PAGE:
Was this review helpful? Yes  No   Report this review
  • Posted December 21, 2009

    Great book!

    I thought this book was awesome. The author did a great job of defining her characters and inviting the reader into the lives of her characters. The author gave the reader a sense of understanding. When I was reading the book I felt as though I was there during the different plots and events. This would be a great book for a women's book club. Each week you would have something new and interesting to discuss!

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  • Posted December 6, 2009

    A Rare Glimpse into the Lives of Saudi Women

    Girls of Riyadh is, more or less, a Saudi take on Sex in the City - only with more substance.

    Rajaa al-Sanea captivates readers with this story of a small group of upper-middle-class/upper-class friends experiencing what most western college-age girls do, only in Saudi Arabia.

    By American standards, the issues addressed - education, career, love, marriage, sex and homosexuality - are timid. Given the story's setting and the author's national home, however, it's altogether daring. In fact, Girls of Riyadh is banned in Saudi Arabia.

    This book provides a rare glimpse into the lives of Saudi women. It's definitely worth a read.

    Was this review helpful? Yes  No   Report this review
  • Posted November 21, 2009

    Inside Glimpse of Young Saudi Women

    This is the story of the lives of 4 middle class young Saudi women. It tells the story of their lives and loves in the engaging and original writing style of an email list. I enjoyed reading it and seeing what some women of another culture go through and sometimes how universal things can be. Bravo to the author for stepping out and showing us these characters.

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  • Anonymous

    Posted October 26, 2009

    This book opens your eyes to the Arabic culture traditions in Saudi Arabia

    This book opens your eyes to the Arabic culture traditions in Saudi Arabia. This is a story of 4 Saudi women looking for love and how their culture acts against it. I enjoy reading women's fiction and how women search for love, but this book put a new spin on it. We feel what these women feel and it's sad what their culture considers "risky." In America, we wouldn't even blink an eye. It took awhile to get into the fact that the author was writing her story in a "Yahoo Group" and you need to almost write down the character's names with side notes to follow. The names are very similar and sometimes it's hard to follow the translation, but overall I enjoyed it.

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  • Anonymous

    Posted March 24, 2009

    a new low in boredom...

    Different culture.. yes. That was the only thing good about this book. I found the writing juvenile and sluggish and weak. Way too many characters with names that all sound the same. Okay, so the email concept was different. But it's been done before. I struggled through the book. It was a constant battle to keep awake. "Why bother?" I'd think. "Life is too short." Finished it only because it was the book club's choice for this month. If it was still winter, I'd use the book as kindling in my fireplace.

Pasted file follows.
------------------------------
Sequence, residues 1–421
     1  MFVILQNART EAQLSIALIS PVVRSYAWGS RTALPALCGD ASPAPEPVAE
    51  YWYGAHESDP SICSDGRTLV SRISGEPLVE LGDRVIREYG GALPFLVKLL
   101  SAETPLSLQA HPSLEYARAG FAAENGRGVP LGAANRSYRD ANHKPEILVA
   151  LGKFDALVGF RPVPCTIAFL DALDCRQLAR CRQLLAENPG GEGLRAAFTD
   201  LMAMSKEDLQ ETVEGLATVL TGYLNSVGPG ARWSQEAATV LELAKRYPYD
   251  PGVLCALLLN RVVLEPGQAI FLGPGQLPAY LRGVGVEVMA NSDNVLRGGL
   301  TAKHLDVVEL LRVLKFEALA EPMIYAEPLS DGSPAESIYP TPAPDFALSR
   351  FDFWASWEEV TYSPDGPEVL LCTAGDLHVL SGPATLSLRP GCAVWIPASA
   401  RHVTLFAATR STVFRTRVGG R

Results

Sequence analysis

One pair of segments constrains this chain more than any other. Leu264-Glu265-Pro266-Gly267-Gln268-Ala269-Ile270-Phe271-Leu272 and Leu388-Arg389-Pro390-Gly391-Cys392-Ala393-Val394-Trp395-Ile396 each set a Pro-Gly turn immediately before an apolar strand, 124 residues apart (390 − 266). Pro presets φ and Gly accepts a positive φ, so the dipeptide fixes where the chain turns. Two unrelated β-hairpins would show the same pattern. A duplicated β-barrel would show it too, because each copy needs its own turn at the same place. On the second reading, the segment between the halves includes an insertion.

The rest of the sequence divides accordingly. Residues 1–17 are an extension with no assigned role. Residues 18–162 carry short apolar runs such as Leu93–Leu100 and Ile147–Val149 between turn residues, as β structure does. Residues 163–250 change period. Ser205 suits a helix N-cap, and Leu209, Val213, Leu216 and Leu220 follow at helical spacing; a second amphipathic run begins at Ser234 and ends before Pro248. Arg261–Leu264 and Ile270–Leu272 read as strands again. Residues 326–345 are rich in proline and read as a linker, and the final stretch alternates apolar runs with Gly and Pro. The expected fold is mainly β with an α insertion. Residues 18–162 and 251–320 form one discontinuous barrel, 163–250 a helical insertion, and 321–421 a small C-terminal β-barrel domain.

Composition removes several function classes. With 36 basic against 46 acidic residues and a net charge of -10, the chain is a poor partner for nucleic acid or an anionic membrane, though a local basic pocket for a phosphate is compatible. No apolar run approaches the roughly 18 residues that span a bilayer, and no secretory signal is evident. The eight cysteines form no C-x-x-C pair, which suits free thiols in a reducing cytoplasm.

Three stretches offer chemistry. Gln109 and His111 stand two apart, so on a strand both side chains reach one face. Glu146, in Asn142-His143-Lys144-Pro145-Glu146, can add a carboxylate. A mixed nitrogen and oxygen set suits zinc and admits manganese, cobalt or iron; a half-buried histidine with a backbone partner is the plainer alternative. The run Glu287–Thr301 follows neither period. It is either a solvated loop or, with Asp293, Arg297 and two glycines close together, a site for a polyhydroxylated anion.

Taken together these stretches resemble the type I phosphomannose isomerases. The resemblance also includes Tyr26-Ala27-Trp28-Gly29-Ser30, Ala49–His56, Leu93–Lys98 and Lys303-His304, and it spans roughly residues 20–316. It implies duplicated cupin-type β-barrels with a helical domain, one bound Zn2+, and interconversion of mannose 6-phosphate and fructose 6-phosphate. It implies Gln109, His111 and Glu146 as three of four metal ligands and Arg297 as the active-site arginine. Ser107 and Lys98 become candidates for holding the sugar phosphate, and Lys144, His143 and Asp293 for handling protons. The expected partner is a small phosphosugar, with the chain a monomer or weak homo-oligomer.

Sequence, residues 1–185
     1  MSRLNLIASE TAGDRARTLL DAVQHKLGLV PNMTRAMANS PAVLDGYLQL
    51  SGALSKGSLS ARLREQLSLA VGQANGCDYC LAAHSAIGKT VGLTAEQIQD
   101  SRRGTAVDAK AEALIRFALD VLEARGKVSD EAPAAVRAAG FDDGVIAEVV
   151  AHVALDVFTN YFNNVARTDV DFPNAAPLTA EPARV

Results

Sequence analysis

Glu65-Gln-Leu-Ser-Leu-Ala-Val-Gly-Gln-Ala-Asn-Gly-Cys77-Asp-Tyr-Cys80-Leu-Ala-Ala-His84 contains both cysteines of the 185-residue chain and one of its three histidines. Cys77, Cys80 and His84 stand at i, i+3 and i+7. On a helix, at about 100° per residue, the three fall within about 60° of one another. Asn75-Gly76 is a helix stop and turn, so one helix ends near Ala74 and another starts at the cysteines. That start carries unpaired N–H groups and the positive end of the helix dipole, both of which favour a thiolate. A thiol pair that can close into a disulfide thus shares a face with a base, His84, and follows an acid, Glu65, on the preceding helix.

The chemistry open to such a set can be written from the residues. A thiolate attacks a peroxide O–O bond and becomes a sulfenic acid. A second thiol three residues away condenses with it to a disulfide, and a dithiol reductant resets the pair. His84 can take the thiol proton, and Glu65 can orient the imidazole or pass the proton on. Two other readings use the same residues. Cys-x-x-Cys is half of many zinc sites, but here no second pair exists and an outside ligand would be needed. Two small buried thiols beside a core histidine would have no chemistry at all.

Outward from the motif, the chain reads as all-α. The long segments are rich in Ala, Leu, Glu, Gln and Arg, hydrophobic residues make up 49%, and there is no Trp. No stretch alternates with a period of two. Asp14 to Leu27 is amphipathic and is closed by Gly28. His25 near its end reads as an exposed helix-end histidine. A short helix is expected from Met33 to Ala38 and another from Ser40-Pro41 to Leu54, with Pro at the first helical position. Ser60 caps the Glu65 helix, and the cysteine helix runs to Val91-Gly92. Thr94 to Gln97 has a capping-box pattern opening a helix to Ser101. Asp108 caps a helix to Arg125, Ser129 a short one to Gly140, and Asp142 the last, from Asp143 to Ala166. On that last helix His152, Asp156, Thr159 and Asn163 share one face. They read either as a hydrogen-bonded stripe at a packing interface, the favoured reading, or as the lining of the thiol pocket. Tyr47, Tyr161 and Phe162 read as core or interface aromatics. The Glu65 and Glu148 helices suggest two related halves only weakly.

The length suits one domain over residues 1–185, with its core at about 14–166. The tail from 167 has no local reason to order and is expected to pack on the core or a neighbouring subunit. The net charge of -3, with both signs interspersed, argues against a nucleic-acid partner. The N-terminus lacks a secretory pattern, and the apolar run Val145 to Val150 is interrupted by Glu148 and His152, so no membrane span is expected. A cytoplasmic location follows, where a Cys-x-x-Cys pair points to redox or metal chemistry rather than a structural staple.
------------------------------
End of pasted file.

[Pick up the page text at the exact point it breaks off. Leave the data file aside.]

0 out of 1 people found this review helpful.

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  • Anonymous

    Posted July 7, 2008

    A reviewer

    I read this book, and even though I thought it was pretty insightful on the ways of the middle east, I really was kind of turned off by the way society seems to work over there. The ways of marrige even if its without love probably was the thing that got me most. I give this author alot of credit for going agenst her rules I guess you would say, of her culture by writing this book, I was very sad and dissapointed in the ending. The way she end up with her cousins. To me it was too...strange

    0 out of 1 people found this review helpful.

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  • Anonymous

    Posted April 27, 2008

    Wonderful

    The book gave a peak into another culture, that we,as Americans, have a lot of misconceptions about.

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  • Anonymous

    Posted May 17, 2007

    Different - an Exotic Setting

    A decent first effort with an interesting format of e-mail messages to depict the trials and tribulations of finding love in Saudi Arabia.

    Was this review helpful? Yes  No   Report this review
  • Anonymous

    Posted February 19, 2011

    No text was provided for this review.

  • Anonymous

    Posted January 26, 2011

    No text was provided for this review.

  • Anonymous

    Posted August 13, 2010

    No text was provided for this review.

  • Anonymous

    Posted October 19, 2012

    No text was provided for this review.

See All Sort by: Showing 1 – 20 of 31 Customer Reviews